You are already a writer. Now it’s just a case of becoming a published one.

    Julia

    Liked by 1 person

    • Thank you, Julia! I will certainly be around– no doubt about that. I appreciate the enthusiasm you’ve shared with me here and look forward to following this thread where it leads. It has been and will continue to be an interesting process for me. I think it’s so important for all of us to occupy that state of accepting who we are, even if it’s only hints and twinkles for the time being, and letting the effects of conversing with those places inside of us come when and how they will. I’ve even come to sort of trust that when publication it occurs, it will be when the work is ready, and not a moment sooner. So my focus has been just on practicing!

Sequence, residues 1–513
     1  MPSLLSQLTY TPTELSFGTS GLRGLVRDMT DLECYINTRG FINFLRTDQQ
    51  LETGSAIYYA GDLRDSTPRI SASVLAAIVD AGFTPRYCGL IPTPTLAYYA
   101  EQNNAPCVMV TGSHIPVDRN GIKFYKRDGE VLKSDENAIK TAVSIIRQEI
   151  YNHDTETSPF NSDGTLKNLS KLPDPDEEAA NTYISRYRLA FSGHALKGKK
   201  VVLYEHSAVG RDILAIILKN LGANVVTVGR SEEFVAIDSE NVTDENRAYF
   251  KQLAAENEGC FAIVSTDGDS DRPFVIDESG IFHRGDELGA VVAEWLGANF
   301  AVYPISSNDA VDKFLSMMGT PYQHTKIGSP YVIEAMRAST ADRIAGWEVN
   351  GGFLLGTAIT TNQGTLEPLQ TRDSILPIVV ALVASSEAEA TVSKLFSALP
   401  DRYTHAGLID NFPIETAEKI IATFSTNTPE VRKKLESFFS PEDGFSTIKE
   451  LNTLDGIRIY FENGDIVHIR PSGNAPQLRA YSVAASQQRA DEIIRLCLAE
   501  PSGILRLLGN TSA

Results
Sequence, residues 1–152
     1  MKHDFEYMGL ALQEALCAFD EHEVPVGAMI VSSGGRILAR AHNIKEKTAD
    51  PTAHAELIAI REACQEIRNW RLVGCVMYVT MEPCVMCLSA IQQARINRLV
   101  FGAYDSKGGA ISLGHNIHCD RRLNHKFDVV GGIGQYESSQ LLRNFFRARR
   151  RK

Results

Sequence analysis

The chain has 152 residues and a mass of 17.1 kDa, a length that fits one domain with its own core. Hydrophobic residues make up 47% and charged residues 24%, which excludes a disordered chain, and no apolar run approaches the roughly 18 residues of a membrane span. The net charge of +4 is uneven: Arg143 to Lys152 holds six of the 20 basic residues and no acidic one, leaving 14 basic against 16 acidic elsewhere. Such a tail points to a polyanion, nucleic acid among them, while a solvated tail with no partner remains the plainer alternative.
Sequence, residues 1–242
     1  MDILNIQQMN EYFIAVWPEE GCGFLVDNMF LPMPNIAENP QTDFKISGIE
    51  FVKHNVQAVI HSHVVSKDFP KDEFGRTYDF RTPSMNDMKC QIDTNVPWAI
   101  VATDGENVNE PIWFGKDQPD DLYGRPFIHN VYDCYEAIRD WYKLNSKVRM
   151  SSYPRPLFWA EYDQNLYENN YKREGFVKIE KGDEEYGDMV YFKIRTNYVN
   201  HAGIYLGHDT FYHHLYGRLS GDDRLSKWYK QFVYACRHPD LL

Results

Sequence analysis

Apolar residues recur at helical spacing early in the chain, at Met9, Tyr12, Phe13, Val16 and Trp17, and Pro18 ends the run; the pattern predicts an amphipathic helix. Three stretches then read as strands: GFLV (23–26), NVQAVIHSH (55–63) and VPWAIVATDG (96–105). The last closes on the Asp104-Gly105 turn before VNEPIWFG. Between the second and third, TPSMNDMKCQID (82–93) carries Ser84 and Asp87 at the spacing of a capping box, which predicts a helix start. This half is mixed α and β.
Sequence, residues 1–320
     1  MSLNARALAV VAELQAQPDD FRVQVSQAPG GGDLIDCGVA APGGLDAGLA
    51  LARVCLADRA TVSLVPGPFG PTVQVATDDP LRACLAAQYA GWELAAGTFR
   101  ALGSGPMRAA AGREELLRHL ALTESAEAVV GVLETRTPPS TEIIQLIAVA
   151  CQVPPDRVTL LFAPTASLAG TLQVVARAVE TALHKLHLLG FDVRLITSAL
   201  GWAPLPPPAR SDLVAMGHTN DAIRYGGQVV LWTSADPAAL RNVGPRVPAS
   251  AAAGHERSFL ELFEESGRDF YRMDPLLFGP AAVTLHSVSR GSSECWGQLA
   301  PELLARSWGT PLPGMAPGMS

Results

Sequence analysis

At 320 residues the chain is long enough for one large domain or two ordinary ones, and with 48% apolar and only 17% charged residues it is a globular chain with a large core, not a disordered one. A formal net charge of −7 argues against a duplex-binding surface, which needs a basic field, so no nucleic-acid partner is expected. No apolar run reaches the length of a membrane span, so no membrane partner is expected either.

Much love to you as well.
      Michael

      Liked by 1 person

  17. Pingback: Why I Blog: Creativity And The Need To Give It Away | Adventures in Wonderland

  18. I once heard Hans King say something along the lines of if you want to be an actor, stop saying “I want to be… ” and start saying “I Am an actor. And I am looking forward, Universe, to co-creating with you and you showing me just how far I can go with that.” Actually I think I added the co-creating bit in after, and Hans King definitely tends to say “Spirit,” not “Universe.” But you get the gist… This is how I think of my writing now. And like you, I trust that in the perfect timing the means to publish will show up. Now it is my (our) job to show up and write ^=^ (Sorry for the lateness of my reply).

    Liked by 1 person